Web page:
Owens et al. , in their study of people bereaved by suicide, explain that public health campaigns which encourage people to act when they see signs of a developing mental health problem in someone they know are premised on the idea of “If you see this, you should do that” [17; p.6]; however, in practice this is complicated by various respondent and recipient factors. The helping model presented here also illustrates this, and supports the suggestion that public education campaigns and training programs should address helper-centred and interpersonal barriers to intervening in mental health first aid situations wherever possible, for example, having open, sensitive discussions about mental health problems and emphasising the need to act on concerns around suicidality, even if this means contravening social norms such as privacy. Program developers might also consider incorporating elements of the helping model into scenario-based group discussions, or adapting the model into a decision aid, to encourage participants to consider what might be involved in assisting a person with a mental health problem prior to helping someone outside of the learning environment.
This research illustrates the insights that can be provided by using a qualitative approach to understanding the decisions and actions of individuals in mental health first aid situations. It offers a more detailed understanding of the dynamic, interactive nature of the helping process, the complex decisions involved, and how helpers and recipients influence each other’s perceptions of mental health, mental health problems and mental health first aid. The helping spectrum in particular is a new addition to the helping literature. It emphasises the fluidity and changeability of helping events and the importance of adjusting helping behaviours in response to the needs of the recipient, the situation and the helper. The model may be refined in future research and/or used as a basis for testing specific hypotheses. More broadly, this study’s findings concur with that of existing quantitative and qualitative literature, suggesting that the results may not be limited to this particular sample of respondents. The stages of the model also reflect elements of existing theories of helping behaviour, such as the theory of diffusion of responsibility in which individuals progress from noticing a problem to taking responsibility for helping and subsequently providing assistance .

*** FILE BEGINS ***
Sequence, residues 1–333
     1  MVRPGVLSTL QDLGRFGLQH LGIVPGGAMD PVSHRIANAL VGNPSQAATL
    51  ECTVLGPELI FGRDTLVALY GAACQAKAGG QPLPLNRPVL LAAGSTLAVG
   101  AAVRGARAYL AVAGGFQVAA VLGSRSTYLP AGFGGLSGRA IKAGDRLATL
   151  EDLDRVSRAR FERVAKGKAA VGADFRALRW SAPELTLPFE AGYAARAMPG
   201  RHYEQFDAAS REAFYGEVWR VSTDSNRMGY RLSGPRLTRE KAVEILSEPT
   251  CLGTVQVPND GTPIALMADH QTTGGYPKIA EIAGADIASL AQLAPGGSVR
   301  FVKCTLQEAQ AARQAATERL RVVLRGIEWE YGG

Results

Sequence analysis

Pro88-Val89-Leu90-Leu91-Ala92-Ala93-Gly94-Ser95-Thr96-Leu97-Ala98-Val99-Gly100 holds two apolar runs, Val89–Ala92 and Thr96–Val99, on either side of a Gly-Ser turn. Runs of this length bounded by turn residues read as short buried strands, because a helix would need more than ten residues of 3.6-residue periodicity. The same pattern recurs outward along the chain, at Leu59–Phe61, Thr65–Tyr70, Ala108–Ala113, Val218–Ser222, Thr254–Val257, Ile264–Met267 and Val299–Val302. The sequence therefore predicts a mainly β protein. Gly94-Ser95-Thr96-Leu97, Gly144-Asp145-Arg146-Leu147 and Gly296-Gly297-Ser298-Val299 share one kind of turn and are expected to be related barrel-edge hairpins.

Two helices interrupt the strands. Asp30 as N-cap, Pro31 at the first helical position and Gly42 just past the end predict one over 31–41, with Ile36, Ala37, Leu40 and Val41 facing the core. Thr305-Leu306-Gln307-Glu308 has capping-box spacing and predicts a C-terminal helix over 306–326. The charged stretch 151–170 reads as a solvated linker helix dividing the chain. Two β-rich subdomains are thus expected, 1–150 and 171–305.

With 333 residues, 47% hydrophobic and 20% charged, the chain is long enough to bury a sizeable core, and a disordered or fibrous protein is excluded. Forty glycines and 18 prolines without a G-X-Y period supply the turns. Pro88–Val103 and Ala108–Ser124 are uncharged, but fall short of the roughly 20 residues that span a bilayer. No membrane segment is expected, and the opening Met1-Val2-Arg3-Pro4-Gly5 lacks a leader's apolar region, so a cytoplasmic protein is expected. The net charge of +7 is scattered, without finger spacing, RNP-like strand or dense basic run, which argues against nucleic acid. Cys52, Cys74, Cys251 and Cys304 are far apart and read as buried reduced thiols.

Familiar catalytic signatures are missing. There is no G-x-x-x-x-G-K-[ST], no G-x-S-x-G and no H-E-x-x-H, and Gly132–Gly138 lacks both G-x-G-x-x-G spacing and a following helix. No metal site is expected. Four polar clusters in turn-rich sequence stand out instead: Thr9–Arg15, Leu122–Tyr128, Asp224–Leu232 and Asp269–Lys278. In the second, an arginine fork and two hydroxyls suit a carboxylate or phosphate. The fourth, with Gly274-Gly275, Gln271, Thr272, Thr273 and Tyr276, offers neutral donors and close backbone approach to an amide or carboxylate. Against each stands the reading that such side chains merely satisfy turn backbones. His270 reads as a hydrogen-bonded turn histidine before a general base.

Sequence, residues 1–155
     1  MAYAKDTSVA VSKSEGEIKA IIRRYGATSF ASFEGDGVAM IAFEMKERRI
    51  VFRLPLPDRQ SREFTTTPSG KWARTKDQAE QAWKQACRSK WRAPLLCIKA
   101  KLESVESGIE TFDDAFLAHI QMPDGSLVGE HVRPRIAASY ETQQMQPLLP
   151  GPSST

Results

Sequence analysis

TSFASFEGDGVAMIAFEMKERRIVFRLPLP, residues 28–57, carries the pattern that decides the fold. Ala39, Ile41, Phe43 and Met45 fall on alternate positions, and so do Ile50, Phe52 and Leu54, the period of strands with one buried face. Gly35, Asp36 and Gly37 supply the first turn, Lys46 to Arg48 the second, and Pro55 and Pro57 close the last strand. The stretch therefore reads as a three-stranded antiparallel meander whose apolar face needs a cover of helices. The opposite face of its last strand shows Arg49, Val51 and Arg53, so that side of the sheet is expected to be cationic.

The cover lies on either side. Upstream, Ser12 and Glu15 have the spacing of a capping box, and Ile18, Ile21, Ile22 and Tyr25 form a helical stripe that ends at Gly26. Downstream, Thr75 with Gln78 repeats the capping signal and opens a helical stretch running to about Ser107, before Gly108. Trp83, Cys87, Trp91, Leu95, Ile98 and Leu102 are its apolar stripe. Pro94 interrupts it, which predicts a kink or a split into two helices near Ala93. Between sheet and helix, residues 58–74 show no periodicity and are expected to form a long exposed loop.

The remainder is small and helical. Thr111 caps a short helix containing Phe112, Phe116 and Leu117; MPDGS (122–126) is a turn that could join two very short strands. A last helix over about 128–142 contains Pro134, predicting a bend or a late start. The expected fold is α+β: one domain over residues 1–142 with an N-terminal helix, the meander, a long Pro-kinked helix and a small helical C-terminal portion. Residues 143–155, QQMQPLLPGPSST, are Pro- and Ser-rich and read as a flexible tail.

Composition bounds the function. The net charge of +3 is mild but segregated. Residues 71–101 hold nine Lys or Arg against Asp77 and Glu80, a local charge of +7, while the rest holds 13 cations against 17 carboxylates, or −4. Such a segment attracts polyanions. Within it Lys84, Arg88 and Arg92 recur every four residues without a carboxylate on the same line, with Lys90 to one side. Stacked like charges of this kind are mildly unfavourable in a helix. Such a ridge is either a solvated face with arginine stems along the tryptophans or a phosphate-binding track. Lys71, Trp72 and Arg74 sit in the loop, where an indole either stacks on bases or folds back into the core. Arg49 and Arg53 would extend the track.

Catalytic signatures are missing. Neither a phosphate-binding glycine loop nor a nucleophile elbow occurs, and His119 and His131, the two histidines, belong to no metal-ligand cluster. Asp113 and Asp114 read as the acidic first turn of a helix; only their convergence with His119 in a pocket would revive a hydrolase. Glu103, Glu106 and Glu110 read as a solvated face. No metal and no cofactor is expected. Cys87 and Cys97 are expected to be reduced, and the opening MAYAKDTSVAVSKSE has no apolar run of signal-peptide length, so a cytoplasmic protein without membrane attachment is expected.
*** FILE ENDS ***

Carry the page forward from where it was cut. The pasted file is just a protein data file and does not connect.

Although many of the experiences mentioned by participants involved times they helped after doing the MHFA course, these examples do not comprise the majority of the data. Additionally, several participants discussed helping situations that they were involved in both before and after the course, or articulated how the course changed the way they helped a particular recipient over time. These results suggest that a reasonably diverse and comprehensive set of experiences were captured by choosing to use a sample of MHFA-trained community members. However, a small, purposive sample, who self-selected into this research, does reduce the transferability of the findings. Participants may have had particular characteristics, such as many prior helping experiences, which predisposed them to do the MHFA course or participate in this research. They therefore may have emphasised facilitators or deterrents to helping that differ from those of people who have less interest or training in mental health issues. Future research should interview participants with minimal or no experience or interest in helping people with mental health problems to explore how their reasons for helping differ from those of this sample. It is likely that there are motivators and deterrents that have been over- or under-represented in this research, or not mentioned at all (e.g., not recognising that a mental health problem is developing or present). Participants were recruited solely from one urban university and, despite the diversity in cultures and experiences, most were young, female and well educated. Future research could include older people, males, people living in rural areas and people from diverse educational backgrounds to broaden the applicability of the model and better understand the helping experiences of other groups. There were fewer non-helping situations discussed by participants, which limited the number and strength of the conclusions that can be drawn from this subset of the data. Furthermore, respondents may have experienced problems with recall, as many situations had begun or occurred years or months ago, and non-helping situations may have been forgotten.